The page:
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Tommaso DorigoRSS Feed of this column.

Tommaso Dorigo is an experimental particle physicist, who works for the INFN at the University of Padova, and collaborates with the CMS experiment at the CERN LHC. He coordinates the European network... Read More »

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Fabrizio Tamburini (left) is an old friend - I have known him since 1976, when we both used to attend the gatherings of the newborn Associazione Astrofili Veneziani, at the Lido of Venice. The love for astronomy had brought us together, but we took different paths in our scientific activities. Fabrizio remained maybe more faithful to his old love for the universe, and is now a well-known and respected astrophysicist, who studies original ideas in the physics of photon propagation and more. I repeatedly invited him to write about his research here, but so far he has not accepted, mainly for lack of time... But I am sure he will soon.
The Draconids (also called Giacobinids) are a meteor shower associated to comet Giacobini-Zinner (see below for a 100-year-old picture of the comet). While most years this shower passes unnoticed to all but few professionals and experts amateurs, yielding only very few meteors in the nights between October 6th and 10th, every once in a while the Draconids do put up a real show, producing hundreds, or even thousands of meteor streaks per hour in clear skies.
One of the issues that emerged in the discussion of whether researchers should be bloggers is the fact that it is always dangerous to wear multiple "hats", i.e. carrying multiple responsibilities which may sometimes come in conflict with one another.

Wearing two hats

Of course this is a very common and old problem. I am indebted to Jim S.M., who sent me a few excerpts from Churchill's autobiography, which are very relevant to the issue besides being quite amusing:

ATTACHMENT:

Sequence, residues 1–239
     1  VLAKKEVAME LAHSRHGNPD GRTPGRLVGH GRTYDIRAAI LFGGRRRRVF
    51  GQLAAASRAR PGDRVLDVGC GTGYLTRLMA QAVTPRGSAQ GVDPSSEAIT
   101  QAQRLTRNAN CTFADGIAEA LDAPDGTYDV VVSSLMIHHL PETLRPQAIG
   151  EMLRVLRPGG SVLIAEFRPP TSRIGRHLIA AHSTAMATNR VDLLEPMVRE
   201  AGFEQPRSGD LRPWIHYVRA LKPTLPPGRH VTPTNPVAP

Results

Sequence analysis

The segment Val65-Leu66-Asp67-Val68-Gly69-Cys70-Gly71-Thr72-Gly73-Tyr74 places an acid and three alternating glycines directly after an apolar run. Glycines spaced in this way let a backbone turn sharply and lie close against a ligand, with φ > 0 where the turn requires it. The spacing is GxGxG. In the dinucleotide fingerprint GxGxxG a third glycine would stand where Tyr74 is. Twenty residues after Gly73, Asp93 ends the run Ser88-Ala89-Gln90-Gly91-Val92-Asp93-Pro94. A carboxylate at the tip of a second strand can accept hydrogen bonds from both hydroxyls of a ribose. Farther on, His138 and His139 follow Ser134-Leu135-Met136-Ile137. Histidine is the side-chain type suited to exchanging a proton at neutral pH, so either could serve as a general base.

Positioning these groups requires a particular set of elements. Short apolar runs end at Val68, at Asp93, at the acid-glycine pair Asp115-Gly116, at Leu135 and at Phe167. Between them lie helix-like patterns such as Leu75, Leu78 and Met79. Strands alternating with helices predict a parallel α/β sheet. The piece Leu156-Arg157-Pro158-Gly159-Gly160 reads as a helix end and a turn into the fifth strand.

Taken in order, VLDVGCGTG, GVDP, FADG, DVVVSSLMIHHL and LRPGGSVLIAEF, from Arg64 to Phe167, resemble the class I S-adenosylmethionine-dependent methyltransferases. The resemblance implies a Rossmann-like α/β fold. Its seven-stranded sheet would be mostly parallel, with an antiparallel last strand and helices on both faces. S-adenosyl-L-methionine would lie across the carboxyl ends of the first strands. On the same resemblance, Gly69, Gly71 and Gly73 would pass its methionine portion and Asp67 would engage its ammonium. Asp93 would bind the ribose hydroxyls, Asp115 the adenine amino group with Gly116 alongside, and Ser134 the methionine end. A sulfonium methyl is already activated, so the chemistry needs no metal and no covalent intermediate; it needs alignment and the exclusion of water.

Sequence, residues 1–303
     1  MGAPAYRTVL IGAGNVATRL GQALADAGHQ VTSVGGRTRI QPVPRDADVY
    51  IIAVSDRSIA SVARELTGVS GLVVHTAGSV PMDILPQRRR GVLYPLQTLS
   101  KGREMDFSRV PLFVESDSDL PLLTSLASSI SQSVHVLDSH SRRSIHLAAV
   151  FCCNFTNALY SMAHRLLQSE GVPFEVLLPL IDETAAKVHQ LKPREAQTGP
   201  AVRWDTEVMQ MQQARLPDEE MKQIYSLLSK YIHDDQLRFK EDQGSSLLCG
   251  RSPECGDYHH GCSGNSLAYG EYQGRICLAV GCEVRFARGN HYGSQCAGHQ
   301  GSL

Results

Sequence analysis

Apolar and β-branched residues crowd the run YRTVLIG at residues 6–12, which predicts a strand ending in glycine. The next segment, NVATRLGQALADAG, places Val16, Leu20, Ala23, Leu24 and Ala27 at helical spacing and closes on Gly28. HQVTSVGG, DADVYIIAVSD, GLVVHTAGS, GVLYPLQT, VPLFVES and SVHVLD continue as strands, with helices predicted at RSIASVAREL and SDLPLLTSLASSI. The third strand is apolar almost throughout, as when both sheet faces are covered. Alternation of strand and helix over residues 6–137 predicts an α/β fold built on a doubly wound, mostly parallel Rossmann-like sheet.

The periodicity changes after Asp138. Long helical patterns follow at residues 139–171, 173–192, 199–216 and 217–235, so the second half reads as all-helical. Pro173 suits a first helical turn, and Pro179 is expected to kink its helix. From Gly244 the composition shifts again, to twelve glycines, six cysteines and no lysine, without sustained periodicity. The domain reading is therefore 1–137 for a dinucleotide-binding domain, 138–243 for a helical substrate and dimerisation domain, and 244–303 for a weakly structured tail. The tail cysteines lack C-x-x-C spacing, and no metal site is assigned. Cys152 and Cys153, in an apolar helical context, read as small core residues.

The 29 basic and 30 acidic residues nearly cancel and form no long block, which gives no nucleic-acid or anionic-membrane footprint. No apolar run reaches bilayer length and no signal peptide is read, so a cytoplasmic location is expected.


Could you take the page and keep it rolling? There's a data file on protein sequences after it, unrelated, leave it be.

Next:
Tomorrow I will fly to Frascati, where are the headquarters of INFN, the italian institute for nuclear physics. I will attend to an event there, called "Incontri di Fisica" (Physics meetings), where high-school teachers meet researchers and receive training, as well as discuss ways to improve science education and popularization in schools and outside.

I will be discussing the subject of "Science popularization with blogs" on Wednesday afternoon and then, two days later, I will be the last speaker with another short talk, where I will try to summarize some ideas on the matter. And you might help for this latter presentation.
Just a link you cannot miss:

http://www.fnal.gov/pub/tevatron/milestones/interactive-timeline.html
I'm nostalgic tonight. The reason ? The Tevatron has finally stopped running, for good.

It's strange to find out one can mourn the shutdown of a synchrotron just as the passing away of an old friend, but that's more or less how I feel like tonight. And I am not even among the ones who can claim to have been around for the full duration of the machine's lifetime, like Giorgio Chiarelli - as Giorgio recounted here, he was there in the CDF control room when the first proton-antiproton beams collided the first time, in 1985.